Home buyer's Guide to Better Credit
Choosing a lender isn't the first step in becoming a homeowner. The content of your wallet begins the home buying process. Putting back your money for a down payment is great, but if you lack an acceptable credit score to back it up, you could end up renting for another couple of years in Mineral Wells until you raise your score.
The Fair Isaac Company bases your FICO score on the summary of your total credit history. Most people usually have a score of 600, but scores are tiered from 300 to 850. With the change in the economy, however, some people have seen their score drop dramatically as a result of job loss, closed credit card accounts, or credit card accounts that were closed because they don't carry a balance. Some of the factors in deciding your FICO score are:
- Credit to Debt Ratio — How much do you owe versus how much credit you have available?
- Credit Inquiries — Do you have too many open accounts?
- Types of Credit — Do you have a healthy mix of loans and credit cards?
- Payment History — How many late payments have you made?
When you pull your credit report, you'll discover that you actually have three reports. Experian, Equifax and TransUnion — three of the major credit reporting agencies — use a slightly different models to determine your credit rating. FICO is used by Experian. Equifax's model is called BEACON and TransUnion uses EMPIRICA. You have a credit score with all of the bureaus.
Lenders want to be positive that allowing you a loan is a safe move. Your FICO score gives lenders an insight into what type of borrower you'll be based solely on your credit history. Because of the shift in the economy, most home buyers should have scores in the range of 700 or higher to get a satisfactory interest rate. You'll still qualify for a mortgage loan with a lower score, but the interest accumulated over time could be more than double the amount of an individual with a superior FICO score.
Staying on top of your FICO score is the best way to ease into buying a home. Call us at (940) 325-2006 and we can help you get on the right track to the home of your dreams.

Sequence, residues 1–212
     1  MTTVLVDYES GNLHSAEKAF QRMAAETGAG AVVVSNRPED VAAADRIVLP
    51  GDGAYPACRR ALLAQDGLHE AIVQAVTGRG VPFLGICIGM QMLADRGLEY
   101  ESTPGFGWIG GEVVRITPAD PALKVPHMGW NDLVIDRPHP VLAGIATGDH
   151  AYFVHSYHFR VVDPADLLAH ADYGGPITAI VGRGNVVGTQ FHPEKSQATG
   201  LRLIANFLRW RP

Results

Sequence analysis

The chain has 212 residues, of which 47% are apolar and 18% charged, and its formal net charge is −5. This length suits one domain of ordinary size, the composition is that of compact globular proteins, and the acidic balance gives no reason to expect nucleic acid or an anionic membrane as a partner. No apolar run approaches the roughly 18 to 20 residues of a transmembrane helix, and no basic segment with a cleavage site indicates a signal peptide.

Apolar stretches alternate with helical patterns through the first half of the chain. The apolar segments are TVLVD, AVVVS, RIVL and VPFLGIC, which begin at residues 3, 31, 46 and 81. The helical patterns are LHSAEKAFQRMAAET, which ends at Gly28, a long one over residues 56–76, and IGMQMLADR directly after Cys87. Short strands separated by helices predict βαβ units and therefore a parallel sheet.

There are strategies to raise your score. Building your FICO score takes time. It can be difficult to make a significant stride change in your number with small changes, but your score can improve in a year or two by monitoring your credit report and by using your credit wisely. The best way to do this is to know your FICO score. You'll improve your credit score by using these tips:
- Correct your credit report. If you discover mistakes on your credit report, contact the bureau requesting that the item be removed. If you have a common name or the same name as a family member, you'll want to give extra care to make sure the activity reported is correct.
- Even out your debt. At first, this doesn't sound like a good idea. But, you want to avoid of having one card that is at the maximum and have the rest of your cards at a zero balance. It's better to have each of your cards at a lower balance than to have the bulk of your debt sitting on a single card.
- Apply for gas station cards or retail credit. For those who have no credit or below average credit, store credit cards and gas credit cards are ways to establish your credit history, increase your spending limits and have a solid payment history, which will raise your credit. You should always beware of maintaining a large balance for more than a couple of billing cycles because these types of cards normally have a surprisingly high interest rate.
- Use your credit. Whether you're just getting started with credit, or if you've got older cards, use your cards so that your accounts stay active. But, be sure to pay them off in one or two payments.
- Stay on top of payments. Delinquent payments instantly drop your credit score. It's one of the reasons people who have recently been unemployed see the biggest hit in their credit score. Yes, it takes longer to restore your credit with payment history, but it's the surest way to show that you're responsible enough to make payments to a bank.
Knowing the methods you can use to build up your credit score, you're one step closer to becoming a homeowner. Know that when it's time to apply for a loan to purchase a home, you'll want to keep your applications within a two-week window to avoid a negative mark on your credit score. With the help of Ender & Associates Realty, shopping for a mortgage can be a stress-free experience so you, too, can become a homeowner.
Learn more about FICO scores at myFICO.com, Fair Isaac's informational site and review your credit history for free at annualcreditreport.com. And, for a small payment, you can get your FICO score from each bureau on their websites: equifax.com, experian.com and transunion.com.